Shah says the government estimates that it will take up to five years for families to shift to permanent homes. But he believes it may happen sooner than that.

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There are 448 tents in a temporary camp in the Chabahil area of Kathmandu. The camp was set up in April 2015, in the immediate aftermath of the earthquake.

Shilu Manandhar, GPJ Nepal

Upama Rana Magar helps her sons, Satyeshwor and Jupiter, get ready for school. They haven’t paid the school fees in six months, Upama Rana Magar says, because her husband, who works as a kitchen helper in Kuwait, hasn’t sent them any money.

Shilu Manandhar, GPJ Nepal

Many of Nepal’s poorest people were made destitute by the earthquake. Here, Upama Rana Mager gives leftover food to a woman begging in the tent camp.

Shilu Manandhar, GPJ Nepal

Upama Rana Magar, 29, works at a factory that makes sweaters. She earns 4,500 Nepalese rupees ($43.17) per month.

Shilu Manandhar, GPJ Nepal

Frost covers the ground outside the tents.

Shilu Manandhar, GPJ Nepal

Meena Magar, in back, Upama Rana Magar’s mother-in-law, learns how to fashion stoves out of mud to use in her home from a woman from a local organization.

Shilu Manandhar, GPJ Nepal

Satyeshwor Rana Magar, 11, and his brother Jupiter, 6, wash dishes before leaving for school.

Shilu Manandhar, GPJ Nepal

Meena Magar often visits her earthquake-destroyed home in Kathmandu to collect pieces of wood or other material that she can use as firewood. The blockade of essential goods from India has resulted in the shortage of cooking gas.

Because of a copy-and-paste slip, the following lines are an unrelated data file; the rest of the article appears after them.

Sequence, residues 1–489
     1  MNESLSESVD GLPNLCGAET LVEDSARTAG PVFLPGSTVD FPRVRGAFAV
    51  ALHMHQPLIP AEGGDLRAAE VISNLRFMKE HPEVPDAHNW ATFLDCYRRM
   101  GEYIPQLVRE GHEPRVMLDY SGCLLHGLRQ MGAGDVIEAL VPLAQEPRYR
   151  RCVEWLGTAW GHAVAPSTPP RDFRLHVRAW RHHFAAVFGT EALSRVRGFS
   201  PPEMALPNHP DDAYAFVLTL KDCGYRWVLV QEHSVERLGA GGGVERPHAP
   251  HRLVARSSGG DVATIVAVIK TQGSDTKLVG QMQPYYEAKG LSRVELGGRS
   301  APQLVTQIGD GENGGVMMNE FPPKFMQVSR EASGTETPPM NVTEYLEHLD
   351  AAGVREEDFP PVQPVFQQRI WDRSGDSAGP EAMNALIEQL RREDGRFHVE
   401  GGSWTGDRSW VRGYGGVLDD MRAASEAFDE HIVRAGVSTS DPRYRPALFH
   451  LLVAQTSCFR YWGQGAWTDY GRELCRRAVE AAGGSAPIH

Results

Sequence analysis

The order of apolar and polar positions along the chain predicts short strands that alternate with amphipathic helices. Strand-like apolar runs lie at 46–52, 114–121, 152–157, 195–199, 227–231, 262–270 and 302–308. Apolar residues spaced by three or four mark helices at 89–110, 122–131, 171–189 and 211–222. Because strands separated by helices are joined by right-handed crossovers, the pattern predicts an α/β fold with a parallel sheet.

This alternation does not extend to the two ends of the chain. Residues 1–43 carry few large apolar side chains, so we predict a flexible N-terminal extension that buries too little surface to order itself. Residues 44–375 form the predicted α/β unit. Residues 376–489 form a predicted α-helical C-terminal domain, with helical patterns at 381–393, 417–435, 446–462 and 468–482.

Shilu Manandhar, GPJ Nepal

Back in the camp, Meena Magar chops the wood collected from her destroyed house. Her grandson, Jupiter, 6, watches. One kilo (2.20 pounds) of firewood costs between 25 rupees (24 cents) to 30 rupees (29 cents) and Magar says she can’t afford that price.

Shilu Manandhar, GPJ Nepal

From left, Nisha Gautam, 19, stands with her parents, Yashoda Gautam and Hari Prasad Gautam. Her younger siblings received sponsorships to continue their secondary studies, and her brother attends a local school. A younger sister is in a boarding school in Kathmandu.

Shilu Manandhar, GPJ Nepal

Water for drinking and cooking is carried in empty plastic bottles that are found all over the campsite.

Shilu Manandhar, GPJ Nepal

The Gautam family lived in this rented room before the earthquake, but they moved to a tent because they feared the room was no longer safe. They still pay the monthly rent of 2,000 rupees ($19.18), and Nikesh Gautam, 16, sleeps there at night as its closer to his school. There is no electricity in the tent, so the family uses the room to charge their mobile phones every day.

Shilu Manandhar, GPJ Nepal

Yashoda Gautam wakes at 4:30 every morning and makes the 15 minute walk to the Chandra Binayak Ganesh Temple in Chabahil area, where she has been begging for several years.

Shilu Manandhar, GPJ Nepal

Yashoda Gautam sits outside the Chandra Binayak Ganesh Temple in Chabahil, begging for rice and money.

Shilu Manandhar, GPJ Nepal

Nisha Gautam starts a fire to cook the mid-day meal for her family. She dropped out of school after completing sixth grade.

Shilu Manandhar, GPJ Nepal

 

Shilu Manandhar, GPJ, translated interviews from Nepali.